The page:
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Professional Negligence: A New Scope

Wednesday, 13 December 2017

A recent decision illustrates that construction professionals must understand key project constraints. In Riva Properties Limited & others v Foster + Partners Limited [2017] EWHC 2574 the Claimant instructed Fosters to design a 5 star hotel near Heathrow airport. Fosters denied any knowledge of a budget, and produced a design which was almost £130m over budget. Despite an attempt at ‘value engineering’, the design proved to be impossible to produce within the budget constraints, and the design was scrapped, having cost the Claimant £4m. The claim included lost profits on the hotel and wasted expenditure on the design.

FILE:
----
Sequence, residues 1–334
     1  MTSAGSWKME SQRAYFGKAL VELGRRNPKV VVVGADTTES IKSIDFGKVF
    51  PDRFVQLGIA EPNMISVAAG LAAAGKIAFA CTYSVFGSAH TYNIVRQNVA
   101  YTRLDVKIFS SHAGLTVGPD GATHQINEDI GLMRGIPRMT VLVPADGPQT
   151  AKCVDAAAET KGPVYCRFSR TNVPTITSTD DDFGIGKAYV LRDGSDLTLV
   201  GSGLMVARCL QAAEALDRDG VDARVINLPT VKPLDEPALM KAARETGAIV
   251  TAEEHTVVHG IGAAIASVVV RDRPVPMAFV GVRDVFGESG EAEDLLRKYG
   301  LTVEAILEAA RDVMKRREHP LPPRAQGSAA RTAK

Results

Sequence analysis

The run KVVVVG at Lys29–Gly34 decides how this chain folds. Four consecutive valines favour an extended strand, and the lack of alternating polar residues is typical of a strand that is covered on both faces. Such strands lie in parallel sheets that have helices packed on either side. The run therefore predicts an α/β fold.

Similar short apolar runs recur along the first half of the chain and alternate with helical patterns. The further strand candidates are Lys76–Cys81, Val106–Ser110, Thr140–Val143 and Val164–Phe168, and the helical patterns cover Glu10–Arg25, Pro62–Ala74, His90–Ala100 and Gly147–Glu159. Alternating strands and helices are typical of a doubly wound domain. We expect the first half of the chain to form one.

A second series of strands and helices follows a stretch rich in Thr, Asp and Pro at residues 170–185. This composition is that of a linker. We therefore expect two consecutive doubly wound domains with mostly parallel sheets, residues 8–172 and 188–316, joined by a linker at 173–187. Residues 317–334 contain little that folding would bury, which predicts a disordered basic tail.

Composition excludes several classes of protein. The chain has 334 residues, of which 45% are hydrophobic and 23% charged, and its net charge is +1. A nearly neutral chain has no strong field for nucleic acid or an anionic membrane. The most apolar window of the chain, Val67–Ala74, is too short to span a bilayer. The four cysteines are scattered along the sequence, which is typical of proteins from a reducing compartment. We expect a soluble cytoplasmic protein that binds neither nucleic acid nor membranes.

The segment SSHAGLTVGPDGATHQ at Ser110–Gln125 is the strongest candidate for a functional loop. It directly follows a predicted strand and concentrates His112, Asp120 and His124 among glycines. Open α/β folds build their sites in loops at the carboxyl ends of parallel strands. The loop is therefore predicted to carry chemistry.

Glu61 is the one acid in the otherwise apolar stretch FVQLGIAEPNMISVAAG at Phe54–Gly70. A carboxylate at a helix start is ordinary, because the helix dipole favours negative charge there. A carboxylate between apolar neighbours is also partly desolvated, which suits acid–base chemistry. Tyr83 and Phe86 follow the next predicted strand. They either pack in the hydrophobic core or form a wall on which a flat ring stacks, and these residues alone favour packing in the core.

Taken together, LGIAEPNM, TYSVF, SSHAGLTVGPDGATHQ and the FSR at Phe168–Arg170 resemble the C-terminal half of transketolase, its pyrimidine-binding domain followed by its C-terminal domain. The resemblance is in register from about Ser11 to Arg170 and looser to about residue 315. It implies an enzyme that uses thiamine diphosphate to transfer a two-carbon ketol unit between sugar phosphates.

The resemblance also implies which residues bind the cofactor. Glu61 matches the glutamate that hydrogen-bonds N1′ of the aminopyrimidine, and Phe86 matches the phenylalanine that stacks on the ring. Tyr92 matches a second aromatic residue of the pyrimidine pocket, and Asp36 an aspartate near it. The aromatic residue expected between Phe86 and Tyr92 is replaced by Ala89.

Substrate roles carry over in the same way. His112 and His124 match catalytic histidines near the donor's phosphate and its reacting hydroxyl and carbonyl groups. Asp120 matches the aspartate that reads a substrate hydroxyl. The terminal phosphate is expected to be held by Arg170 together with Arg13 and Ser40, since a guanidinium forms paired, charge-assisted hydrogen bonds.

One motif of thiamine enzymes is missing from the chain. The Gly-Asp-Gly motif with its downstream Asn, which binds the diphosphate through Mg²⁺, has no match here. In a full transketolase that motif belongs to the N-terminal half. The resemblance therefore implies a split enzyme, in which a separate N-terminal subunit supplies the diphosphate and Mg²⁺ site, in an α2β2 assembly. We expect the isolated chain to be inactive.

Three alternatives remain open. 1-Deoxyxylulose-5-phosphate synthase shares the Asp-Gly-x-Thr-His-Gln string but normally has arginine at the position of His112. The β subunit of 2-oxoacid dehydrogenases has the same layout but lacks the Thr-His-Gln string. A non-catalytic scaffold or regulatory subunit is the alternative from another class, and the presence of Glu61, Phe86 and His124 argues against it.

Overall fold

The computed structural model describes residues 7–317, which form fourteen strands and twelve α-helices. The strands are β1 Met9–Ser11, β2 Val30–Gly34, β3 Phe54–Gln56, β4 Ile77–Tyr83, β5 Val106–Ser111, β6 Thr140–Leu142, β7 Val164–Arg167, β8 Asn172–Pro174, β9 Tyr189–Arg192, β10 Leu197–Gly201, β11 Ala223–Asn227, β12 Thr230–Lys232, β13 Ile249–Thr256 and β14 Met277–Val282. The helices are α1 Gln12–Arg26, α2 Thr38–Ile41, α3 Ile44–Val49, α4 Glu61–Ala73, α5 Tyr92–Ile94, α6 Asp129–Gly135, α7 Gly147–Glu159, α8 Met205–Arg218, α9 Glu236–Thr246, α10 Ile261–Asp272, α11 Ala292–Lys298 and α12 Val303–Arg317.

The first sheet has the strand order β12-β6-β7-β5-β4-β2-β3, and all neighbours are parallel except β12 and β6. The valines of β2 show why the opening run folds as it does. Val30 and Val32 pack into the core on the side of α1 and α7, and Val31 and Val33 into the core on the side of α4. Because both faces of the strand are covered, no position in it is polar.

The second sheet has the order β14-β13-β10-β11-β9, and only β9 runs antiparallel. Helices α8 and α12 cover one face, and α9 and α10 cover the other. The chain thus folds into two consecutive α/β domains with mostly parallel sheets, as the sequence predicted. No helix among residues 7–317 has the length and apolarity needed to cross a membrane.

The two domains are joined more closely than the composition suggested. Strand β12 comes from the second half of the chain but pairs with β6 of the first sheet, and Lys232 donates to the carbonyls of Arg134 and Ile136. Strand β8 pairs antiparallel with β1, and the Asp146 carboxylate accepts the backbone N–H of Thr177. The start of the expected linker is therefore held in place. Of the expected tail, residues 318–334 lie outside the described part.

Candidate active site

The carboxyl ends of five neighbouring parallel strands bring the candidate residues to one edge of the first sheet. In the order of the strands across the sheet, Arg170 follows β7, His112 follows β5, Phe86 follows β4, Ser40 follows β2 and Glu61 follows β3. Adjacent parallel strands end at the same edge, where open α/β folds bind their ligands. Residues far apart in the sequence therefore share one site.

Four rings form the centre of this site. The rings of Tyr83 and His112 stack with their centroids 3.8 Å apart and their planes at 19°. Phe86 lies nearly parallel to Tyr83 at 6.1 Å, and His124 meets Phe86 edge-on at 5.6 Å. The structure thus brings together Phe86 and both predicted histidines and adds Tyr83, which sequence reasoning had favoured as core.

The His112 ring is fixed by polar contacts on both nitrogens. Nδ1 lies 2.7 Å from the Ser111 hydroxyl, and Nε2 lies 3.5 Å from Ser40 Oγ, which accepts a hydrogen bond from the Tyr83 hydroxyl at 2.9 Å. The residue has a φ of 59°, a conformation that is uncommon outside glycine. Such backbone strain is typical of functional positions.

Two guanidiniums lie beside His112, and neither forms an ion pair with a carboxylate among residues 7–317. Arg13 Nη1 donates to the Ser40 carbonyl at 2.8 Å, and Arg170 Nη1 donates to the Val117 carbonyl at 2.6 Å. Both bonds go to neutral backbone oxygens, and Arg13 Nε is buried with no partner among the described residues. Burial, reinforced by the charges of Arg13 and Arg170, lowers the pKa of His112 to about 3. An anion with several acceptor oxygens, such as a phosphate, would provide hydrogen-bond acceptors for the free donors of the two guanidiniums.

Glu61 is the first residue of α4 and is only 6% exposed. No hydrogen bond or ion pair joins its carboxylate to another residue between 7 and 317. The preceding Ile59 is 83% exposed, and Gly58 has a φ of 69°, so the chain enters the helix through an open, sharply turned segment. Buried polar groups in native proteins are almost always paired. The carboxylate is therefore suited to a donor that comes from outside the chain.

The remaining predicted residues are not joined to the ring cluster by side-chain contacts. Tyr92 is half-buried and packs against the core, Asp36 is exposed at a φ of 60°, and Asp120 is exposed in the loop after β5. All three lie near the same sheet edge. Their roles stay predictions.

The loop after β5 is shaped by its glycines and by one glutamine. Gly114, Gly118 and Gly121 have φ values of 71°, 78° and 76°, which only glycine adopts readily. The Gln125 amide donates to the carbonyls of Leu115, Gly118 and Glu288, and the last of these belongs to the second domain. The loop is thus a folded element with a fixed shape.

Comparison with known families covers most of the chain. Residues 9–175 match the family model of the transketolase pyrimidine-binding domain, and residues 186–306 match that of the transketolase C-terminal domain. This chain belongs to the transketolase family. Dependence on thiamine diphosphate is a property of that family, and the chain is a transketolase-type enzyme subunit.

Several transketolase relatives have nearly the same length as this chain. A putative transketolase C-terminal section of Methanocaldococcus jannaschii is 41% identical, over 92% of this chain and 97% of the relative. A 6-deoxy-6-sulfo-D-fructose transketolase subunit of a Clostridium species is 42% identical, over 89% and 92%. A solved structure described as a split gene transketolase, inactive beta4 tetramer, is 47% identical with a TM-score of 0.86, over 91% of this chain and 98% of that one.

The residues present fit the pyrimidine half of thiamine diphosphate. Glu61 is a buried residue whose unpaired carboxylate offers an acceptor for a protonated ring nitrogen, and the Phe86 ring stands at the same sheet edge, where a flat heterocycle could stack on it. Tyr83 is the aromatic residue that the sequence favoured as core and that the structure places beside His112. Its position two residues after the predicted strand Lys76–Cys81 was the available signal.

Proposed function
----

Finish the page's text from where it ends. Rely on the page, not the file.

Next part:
Fraser J found that Fosters had a duty to confirm key project requirements and constraints. The failure to identify a key constraint (the budget) was held to be a breach of the architect’s duty of care. A second breach was identified: stating that the design could be value engineered down to £100m. Fraser J also held that Fosters were under an obligation to advise the Claimant that reduction of costs through value engineering could not be done. Advising the Claimant that value engineering would cause a cost reduction was negligent.

The Claimant received damages for the wasted expenditure but not for lost profits (Fraser J held that the financial crisis was the reason for the failure to complete the hotel on time). The case shows that not only do architects have a duty to find out the key constraints of their clients, they must also inform the client if they know that the client has misconceptions over how that constraint can be achieved.

Author: David Kingsford, Trainee Solicitor. 13 December 2017

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